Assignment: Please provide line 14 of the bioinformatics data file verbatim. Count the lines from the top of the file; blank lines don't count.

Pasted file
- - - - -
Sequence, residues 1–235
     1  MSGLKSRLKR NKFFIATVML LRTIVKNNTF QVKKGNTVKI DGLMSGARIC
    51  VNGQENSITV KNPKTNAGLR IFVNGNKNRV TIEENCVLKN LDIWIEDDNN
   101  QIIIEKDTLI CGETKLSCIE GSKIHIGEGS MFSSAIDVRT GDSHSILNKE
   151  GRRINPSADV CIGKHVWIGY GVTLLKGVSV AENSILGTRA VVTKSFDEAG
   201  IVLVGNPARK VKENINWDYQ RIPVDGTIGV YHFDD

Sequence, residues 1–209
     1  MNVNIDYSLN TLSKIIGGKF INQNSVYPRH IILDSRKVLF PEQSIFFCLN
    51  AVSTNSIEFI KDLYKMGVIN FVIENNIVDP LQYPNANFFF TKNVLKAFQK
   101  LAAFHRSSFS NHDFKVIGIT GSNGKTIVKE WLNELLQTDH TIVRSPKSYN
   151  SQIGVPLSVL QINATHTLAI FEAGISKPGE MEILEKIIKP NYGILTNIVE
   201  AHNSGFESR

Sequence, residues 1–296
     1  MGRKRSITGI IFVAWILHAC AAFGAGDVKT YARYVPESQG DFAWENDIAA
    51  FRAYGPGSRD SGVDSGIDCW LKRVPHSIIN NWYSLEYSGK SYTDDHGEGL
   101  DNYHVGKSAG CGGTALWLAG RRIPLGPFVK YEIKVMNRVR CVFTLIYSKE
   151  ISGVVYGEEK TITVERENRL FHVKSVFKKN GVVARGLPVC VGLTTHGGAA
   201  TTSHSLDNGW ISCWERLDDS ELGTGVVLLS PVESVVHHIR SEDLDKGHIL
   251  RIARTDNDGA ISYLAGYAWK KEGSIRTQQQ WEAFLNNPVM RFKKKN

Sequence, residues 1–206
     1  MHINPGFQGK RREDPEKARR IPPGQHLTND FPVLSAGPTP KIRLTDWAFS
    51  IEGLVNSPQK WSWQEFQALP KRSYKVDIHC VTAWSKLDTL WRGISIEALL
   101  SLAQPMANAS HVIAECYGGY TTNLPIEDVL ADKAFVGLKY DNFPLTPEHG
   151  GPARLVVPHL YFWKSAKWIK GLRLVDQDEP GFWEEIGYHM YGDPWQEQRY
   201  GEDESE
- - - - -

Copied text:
     1  MGRKRSITGI IFVAWILHAC AAFGAGDVKT YARYVPESQG DFAWENDIAA